Maureen is a womans name and it does suck that others are fired for far less whilst CxO's usually receive golden handshakes for failure. I think Mrs Governs search history would be poetic justice if the breach was her fault, which is most unlikely.

Re:well, considering other reasons (1)

joshier (957448) | more than 7 years ago | (#15952005)

I say we get her...

A WITCH!

Depends, will they provide us with his Net data? (1)

WillAffleckUW (858324) | more than 7 years ago | (#15951791)

So that those 20 million people can track him down and make his life miserable?

Resigning means he keeps his massive stock options and his overly generous retirement benefits and other such excess compensation. The average CTO only survives a maximum of 18 months anyways.

Re:Depends, will they provide us with his Net data (0)

Anonymous Coward | more than 7 years ago | (#15951844)

TFS = Her life... and wasn't this the question last week about Koreans?

The appropriate punishment... (4, Funny)

mythosaz (572040) | more than 7 years ago | (#15951796)

Let it fit the crime.

AOL should release - without names, of course - the text of all the searches executed by recent AOL CTOs.

Re:The appropriate punishment... (2, Funny)

Anonymous Coward | more than 7 years ago | (#15951821)

I think he should have been demoted, into the Customer Service Call Center. See how he handles a couple of weeks trying to convince people to keep their AOL account.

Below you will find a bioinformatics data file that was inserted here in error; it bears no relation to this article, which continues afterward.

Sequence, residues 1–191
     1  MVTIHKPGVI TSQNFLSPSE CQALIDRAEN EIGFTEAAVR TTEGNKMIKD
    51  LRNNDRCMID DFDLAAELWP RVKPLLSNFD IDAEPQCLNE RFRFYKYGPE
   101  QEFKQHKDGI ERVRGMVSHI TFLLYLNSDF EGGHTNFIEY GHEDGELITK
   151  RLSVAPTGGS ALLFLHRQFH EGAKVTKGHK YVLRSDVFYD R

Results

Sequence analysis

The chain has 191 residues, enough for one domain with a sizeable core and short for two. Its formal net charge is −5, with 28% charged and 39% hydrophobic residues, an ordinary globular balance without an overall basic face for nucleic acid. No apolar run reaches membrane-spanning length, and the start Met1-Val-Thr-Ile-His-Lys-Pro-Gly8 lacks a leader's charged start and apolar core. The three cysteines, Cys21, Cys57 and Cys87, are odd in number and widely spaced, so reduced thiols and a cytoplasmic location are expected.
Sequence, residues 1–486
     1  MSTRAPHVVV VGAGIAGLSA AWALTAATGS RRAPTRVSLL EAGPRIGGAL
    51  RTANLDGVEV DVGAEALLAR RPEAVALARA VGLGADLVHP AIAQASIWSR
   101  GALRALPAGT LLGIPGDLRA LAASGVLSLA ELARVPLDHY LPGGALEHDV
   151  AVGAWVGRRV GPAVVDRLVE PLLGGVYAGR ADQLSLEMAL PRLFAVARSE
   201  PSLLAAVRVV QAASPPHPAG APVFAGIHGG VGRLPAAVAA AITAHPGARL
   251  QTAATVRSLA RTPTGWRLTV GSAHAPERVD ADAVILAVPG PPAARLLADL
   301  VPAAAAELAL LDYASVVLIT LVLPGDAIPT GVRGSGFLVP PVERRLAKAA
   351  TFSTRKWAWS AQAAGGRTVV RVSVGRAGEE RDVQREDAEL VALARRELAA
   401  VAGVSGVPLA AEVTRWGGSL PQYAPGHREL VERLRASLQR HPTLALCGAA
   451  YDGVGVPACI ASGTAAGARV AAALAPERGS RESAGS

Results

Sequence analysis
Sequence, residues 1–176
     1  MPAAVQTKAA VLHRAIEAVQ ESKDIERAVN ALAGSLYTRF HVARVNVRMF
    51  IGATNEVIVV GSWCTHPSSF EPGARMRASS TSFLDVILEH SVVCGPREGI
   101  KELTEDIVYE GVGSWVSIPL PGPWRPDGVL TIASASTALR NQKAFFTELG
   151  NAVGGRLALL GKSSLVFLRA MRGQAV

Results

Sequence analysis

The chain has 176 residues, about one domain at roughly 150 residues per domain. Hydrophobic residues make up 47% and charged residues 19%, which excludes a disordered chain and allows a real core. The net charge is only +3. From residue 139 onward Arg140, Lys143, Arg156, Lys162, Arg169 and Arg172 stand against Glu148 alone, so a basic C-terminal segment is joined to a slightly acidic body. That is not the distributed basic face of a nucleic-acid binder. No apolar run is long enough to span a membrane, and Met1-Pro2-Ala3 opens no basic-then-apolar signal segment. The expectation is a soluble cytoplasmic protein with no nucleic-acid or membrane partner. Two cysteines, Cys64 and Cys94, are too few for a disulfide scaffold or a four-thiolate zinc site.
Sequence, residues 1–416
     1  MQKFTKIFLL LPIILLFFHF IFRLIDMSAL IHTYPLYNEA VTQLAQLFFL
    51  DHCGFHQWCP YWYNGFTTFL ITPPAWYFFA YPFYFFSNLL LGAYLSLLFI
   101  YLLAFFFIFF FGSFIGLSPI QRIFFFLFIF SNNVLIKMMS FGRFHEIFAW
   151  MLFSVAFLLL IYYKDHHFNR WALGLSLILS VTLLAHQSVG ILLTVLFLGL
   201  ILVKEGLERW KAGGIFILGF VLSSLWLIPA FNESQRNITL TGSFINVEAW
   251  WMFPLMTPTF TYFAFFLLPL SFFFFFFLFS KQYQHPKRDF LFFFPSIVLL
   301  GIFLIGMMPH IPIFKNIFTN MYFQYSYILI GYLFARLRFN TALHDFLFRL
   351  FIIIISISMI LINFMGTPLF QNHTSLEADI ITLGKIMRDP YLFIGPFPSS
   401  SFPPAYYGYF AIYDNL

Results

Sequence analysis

"Why yes ma'am, I am responsible for releasing data on all your searches, but that's no reason to cancel your account!"

Re:The appropriate punishment... (5, Funny)

Frogular (961545) | more than 7 years ago | (#15951934)

Slight problem...

AOL CTOs have been using Google.

Re:The appropriate punishment... (1)

chameleon3 (801105) | more than 7 years ago | (#15952199)

AOL CTOs have been using Google.


Gee, I wonder why...

Recent AOL CTO keyword searches... (2, Funny)

gwayne (306174) | more than 7 years ago | (#15952086)

1. howto spin big fuckup
2. creating plausible deniability
3. crow recipies
4. top cto jobs -aol
5. job keygen crack
6. alcoholics anonymous
7. depression hotline
8. psychiatrist
9. gun shop
10. funeral parlor

Re:The appropriate punishment... (1)

tehshen (794722) | more than 7 years ago | (#15952188)

657427 i have got mail
657427 keyword advertising profits
657427 building a keywords list
657427 building a keywords list -illegal
657427 building a keywords list -legal
657427 keywords research purposes
657427 value of keywords list
657427 value of keywords list -greed
657427 do aol users care about privacy